➔ Technically when most workers lose their jobs, they are not fired. Laid off? Maybe. Down-sized? Good chance. No matter what they call it though, they’re out of work.
If it’s any comfort, they’re not alone. According to the Bureau of Labor Statistics, last month there were nearly six million workers who were presently unemployed. How prevalent that is depends largely on the industry and the position from which they were let go and geography as well as other factors. Then again, a great many workers were at their last jobs for considerable lengths of time – some even for decades.
It could be worse
No matter how bad you feel about those unemployed, there are people who have it worse. For instance, pity the poor professional football coach.
There are 32 teams in the National Football League, each with its own head coach. At the beginning of the 2022 season, according to profootballnetwork.com, there were ten new head coaches in the NFL. That’s 31 percent of all the head coaches in the league – a record. Houston is on its third new coach in as many years.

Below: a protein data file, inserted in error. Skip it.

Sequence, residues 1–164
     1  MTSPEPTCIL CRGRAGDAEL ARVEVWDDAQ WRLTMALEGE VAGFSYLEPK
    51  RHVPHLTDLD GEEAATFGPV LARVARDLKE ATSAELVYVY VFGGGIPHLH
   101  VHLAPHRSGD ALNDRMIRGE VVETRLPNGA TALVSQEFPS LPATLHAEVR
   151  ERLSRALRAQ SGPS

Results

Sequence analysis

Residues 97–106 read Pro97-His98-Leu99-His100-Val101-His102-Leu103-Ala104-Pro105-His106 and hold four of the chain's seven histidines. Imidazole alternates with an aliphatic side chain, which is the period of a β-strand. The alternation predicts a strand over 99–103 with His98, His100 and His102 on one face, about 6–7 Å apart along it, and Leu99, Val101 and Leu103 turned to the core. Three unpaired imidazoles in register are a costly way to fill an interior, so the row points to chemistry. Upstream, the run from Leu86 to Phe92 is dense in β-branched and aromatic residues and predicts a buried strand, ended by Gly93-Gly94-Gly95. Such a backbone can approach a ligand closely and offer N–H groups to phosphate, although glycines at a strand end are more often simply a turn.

Of the remaining 22 (as of this writing,) two already have been fired in mid-season. Last year there were two let go before year end. Both interim head coaches who succeeded them were not retained for this year.
There is an old saying about professional sports coaches (football, baseball, basketball, et.al.) that says that the day you’re hired, you’re one day closer to getting fired. That’s certainly true in the National Football League.
Beginning this year, of the 32 predecessors of the current incumbent head coaches, 26 of them – 81 percent – were fired. Of the remaining six, two left their teams by “mutual consent” with ownership and only four, actually retired.
But professional football coaches fare comparatively well. According to Business Insider, the average tenure of an NFL coach is 4.3 years. That’s better than Major League baseball managers whose average tenure is 3.7 seasons. Head basketball and hockey coaches both last an average of 3.4 years.
Despite the fact that they are paid exceedingly well, they do not exactly enjoy job security.
“Blame no one. Expect nothing. Do something.”
— Bill Parcells, former NFL head coach